Our Diocese

Celebrating Advent as a Family

The Catechism of the Catholic Church says: “Prayer is the life of the new heart. It ought to animate us at every moment… But we cannot pray ‘at all times’ if we do not pray at specific times, consciously willing it” (CCC 2697). If we take time to pray at ‘specific times’, our home will be filled with prayer at ‘all times’.


One of these times is the season of Advent (from the Latin word “adventus”, meaning “coming”). It is the time of preparation for the birth of Christ. It is a time of longing and waiting for his ‘coming’. It should be a time filled with joy when we ponder the gift of God’s love, open our hearts to receive and open our hands to give.


Advent traditions are numerous. We do not always know their exact origin, but they have been lived in the hearts of the faithful. If traditions are lived and understood, they can bring families closer to Christ and transform the hearts of those who participate in them. How can we introduce some Advent traditions into our families this Advent season?


Advent Wreath – The wreath is circular and made of evergreens symbolizing the eternity of God. Seeds and fruit we may place on the wreath represent life and resurrection. There are four candles on the wreath, each representing one week of Advent. The three purple candles stand for prayer and penance. The rose candle is lit on the third Sunday (the “Gaudete Sunday”) and it symbolizes joy – “gaudium” in Latin – as we draw closer to the birth of Christ. The light that the wreath brings symbolizes Christ Himself – our Light.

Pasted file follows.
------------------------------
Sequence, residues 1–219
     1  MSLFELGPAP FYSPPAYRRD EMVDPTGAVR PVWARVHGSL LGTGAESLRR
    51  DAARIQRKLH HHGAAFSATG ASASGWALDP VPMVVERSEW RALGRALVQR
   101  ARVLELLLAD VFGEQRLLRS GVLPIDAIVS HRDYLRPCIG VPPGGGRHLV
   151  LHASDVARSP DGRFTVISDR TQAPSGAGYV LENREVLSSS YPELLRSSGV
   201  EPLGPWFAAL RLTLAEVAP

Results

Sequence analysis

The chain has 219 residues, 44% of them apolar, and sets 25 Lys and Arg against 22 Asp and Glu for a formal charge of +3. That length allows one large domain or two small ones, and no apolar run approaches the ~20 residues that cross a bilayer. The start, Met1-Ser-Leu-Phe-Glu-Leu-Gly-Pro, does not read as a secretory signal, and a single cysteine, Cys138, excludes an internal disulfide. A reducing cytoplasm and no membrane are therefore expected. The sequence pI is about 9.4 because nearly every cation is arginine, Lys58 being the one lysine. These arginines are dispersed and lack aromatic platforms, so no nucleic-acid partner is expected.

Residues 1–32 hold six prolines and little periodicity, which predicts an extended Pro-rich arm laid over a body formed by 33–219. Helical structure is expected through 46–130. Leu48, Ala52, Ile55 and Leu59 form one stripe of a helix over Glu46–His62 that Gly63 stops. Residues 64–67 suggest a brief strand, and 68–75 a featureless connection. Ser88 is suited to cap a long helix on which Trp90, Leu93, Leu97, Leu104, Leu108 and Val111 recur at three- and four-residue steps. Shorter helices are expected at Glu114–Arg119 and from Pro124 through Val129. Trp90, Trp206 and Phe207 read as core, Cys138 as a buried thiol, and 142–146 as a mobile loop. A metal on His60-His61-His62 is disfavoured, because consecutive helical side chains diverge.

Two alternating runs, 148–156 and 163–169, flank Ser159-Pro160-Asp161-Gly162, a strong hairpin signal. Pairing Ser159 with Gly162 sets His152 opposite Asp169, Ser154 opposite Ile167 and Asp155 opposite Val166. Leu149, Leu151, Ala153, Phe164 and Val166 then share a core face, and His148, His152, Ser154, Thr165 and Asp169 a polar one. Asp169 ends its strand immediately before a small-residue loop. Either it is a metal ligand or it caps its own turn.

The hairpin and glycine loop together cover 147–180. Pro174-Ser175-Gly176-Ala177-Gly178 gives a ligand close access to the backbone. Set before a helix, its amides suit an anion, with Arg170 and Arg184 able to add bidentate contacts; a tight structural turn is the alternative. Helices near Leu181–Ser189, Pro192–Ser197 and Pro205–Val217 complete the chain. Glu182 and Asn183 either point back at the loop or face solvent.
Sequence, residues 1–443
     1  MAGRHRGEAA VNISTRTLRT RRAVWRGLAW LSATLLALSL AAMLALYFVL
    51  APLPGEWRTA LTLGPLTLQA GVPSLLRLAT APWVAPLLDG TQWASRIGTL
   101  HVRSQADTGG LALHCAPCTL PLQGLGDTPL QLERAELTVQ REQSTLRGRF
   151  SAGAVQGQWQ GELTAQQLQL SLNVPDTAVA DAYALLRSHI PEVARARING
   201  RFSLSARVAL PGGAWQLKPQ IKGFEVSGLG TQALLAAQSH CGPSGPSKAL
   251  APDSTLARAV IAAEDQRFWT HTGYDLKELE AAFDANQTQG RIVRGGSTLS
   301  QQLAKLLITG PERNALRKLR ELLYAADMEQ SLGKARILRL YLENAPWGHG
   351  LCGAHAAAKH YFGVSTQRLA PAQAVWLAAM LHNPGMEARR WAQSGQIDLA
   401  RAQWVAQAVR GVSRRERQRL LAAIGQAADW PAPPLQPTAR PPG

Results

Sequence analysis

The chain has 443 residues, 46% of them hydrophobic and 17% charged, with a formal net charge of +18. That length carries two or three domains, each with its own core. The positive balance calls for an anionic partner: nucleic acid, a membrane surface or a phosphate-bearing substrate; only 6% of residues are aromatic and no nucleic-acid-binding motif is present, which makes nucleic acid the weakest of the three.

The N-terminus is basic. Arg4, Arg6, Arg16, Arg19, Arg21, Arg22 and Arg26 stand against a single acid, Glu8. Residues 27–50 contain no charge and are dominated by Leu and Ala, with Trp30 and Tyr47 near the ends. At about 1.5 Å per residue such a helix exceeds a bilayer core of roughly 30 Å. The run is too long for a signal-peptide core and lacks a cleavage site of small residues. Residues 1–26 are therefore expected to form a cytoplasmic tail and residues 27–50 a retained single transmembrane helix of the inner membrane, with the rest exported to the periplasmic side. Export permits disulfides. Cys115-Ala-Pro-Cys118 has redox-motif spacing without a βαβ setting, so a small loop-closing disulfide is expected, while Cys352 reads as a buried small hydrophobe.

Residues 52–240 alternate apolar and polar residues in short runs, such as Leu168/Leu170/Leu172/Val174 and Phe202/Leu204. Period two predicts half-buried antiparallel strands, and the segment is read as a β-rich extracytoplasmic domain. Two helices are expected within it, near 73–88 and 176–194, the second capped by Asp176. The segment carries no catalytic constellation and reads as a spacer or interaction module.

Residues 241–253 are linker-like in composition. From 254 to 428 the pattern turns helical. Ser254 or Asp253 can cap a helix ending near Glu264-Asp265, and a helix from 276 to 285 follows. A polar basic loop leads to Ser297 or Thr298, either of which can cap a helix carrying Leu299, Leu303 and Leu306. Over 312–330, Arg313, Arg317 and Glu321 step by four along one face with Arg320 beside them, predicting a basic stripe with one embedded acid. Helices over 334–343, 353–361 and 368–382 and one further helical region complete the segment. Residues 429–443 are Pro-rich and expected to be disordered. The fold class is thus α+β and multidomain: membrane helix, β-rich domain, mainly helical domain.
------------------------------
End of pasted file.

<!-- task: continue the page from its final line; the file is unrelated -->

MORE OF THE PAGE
Nativity Scene – Saint Francis of Assisi began the custom of the nativity scenes when he celebrated Christmas with his brothers at Greccio in 1223 with a Bethlehem scene which included live animals. This tradition quickly spread and people began to construct their own nativity scenes in their homes. Children take a great joy in helping to set up a nativity scene. Simplicity and beauty go often hand in hand. You may set up your entire scene at the beginning of Advent, leaving the crib empty for the Lord Jesus to arrive on Christmas Eve.


Advent Carols – The tradition of caroling is owed to Saint Francis as well. During Advent, we are still waiting. Our music should express this waiting and longing for the Messiah. There are many beautiful Advent Hymns.


Jesse Tree – Jesse Tree is an old tradition depicting the relationship of Jesus with Jesse and other biblical figures who were the ancestors of Jesus. Jesse was the father of King David. He is often looked upon as the first person in the genealogy of Jesus. For your own Jesse Tree, a branch can be placed into a pot or a large vase at the beginning of Advent and every day a new ornament can be hung onto it.


Preparing our homes – Our homes should reflect our readiness for Christ’s birth. Clean your home together, simplify, share. Children can help to prepare a box for the poor and the lonely. You can donate extra clothing and household items, bake cookies together and share them or save them for the joyous time of Christmas.


Preparing our hearts – Just as we prepare our homes, we should prepare our hearts. This is the time for a frequent sacrament of reconciliation, for a longer family prayer, and for lots of Advent reading together. This is the time when family can draw closer to the mystery of Christ’s Incarnation.

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